With record-breaking temperatures expected this weekend, our thoughts turned to our budding grapes in the vineyard. Four years ago we had high temps later in the growing season (read more here). What about now? If we were going to have a heat event, says Director of Viticulture Ray Nuclo, this is probably the best possible time.
Two weeks earlier and the heat would have been detrimental to fruit set. In another month or so, when the fruit is softer and ripening, high heat could put the grapes at risk of sunburn and water stress. Right now, the biggest concern is keeping workers safe and out of the worst heat of the day. Shifts start early and wrap up by 2:30 p.m.
Work in the vineyards now is focused on leaf pulling to thin the canopy and allow for better air flow and proper sun exposure. This work becomes even more critical during high heat. As leaves are removed, care must be taken to not expose the ripening grapes to too much sun before the berries have had a chance to adapt to direct exposure. Grapes that develop in sunlight after early leaf removal can better resist sunburn. (Just like people, the berries can handle more sun after a little exposure.)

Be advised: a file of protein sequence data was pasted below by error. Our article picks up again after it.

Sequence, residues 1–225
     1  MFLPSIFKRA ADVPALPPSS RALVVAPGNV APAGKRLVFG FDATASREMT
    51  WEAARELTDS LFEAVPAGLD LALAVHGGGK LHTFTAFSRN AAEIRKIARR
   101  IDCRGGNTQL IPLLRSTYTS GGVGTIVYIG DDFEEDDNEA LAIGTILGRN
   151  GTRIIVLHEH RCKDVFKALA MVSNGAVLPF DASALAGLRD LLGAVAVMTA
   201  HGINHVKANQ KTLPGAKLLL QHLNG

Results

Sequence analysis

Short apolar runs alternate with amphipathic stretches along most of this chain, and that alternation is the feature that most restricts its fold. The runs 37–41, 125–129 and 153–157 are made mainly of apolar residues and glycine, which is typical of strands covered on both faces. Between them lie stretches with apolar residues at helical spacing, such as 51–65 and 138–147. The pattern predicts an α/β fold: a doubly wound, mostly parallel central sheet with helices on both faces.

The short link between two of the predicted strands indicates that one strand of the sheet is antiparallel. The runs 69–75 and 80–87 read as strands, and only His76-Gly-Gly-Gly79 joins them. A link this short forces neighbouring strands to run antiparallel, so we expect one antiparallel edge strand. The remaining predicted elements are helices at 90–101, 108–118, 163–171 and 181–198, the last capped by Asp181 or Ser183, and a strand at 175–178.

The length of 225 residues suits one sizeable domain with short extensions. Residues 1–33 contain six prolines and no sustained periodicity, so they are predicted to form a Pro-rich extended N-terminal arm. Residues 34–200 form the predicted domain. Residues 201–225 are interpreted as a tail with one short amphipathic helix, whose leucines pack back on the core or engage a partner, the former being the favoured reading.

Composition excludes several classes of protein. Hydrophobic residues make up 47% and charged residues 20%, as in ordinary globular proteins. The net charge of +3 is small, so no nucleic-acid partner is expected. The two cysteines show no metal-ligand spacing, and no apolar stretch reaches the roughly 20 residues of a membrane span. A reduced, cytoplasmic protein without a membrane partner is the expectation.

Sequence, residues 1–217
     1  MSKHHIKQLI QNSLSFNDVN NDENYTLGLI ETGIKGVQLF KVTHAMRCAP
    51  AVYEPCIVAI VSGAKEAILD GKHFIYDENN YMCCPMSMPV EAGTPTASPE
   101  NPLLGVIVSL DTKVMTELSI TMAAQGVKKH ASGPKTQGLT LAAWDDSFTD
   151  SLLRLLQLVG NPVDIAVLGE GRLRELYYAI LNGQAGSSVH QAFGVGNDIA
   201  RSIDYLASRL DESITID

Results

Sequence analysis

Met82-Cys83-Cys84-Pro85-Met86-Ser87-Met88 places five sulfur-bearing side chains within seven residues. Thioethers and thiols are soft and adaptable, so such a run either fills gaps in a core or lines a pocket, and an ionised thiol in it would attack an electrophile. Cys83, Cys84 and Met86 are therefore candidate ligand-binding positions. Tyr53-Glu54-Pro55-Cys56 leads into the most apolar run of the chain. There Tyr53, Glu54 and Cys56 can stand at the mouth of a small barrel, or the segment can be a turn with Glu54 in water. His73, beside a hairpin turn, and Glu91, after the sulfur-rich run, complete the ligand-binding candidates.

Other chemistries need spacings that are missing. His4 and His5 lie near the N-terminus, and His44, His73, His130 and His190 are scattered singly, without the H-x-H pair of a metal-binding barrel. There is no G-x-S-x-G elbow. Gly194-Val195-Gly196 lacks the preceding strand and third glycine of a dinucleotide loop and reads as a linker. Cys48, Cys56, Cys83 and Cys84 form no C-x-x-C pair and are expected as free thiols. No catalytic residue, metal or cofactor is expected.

Typically we experience one or two heat snaps in the summer, although this one looks to be record breaking. The hottest temps Ray recalls seeing in his 23 years in the Willamette Valley is 107 degrees. Still, the grapes can take a heat spike, especially at this point in the growing cycle. Rainfall earlier in June helped by replenishing the moisture in the soil. With the heat, moisture is lost faster through a process called evaportranspiration (a biological process by which plants lose water through their leaves in order to grow – we are excited to get to use that term!). King Estate is dry farmed, or not irrigated, so we are counting on having enough water stored in the soil to make it through the growing season.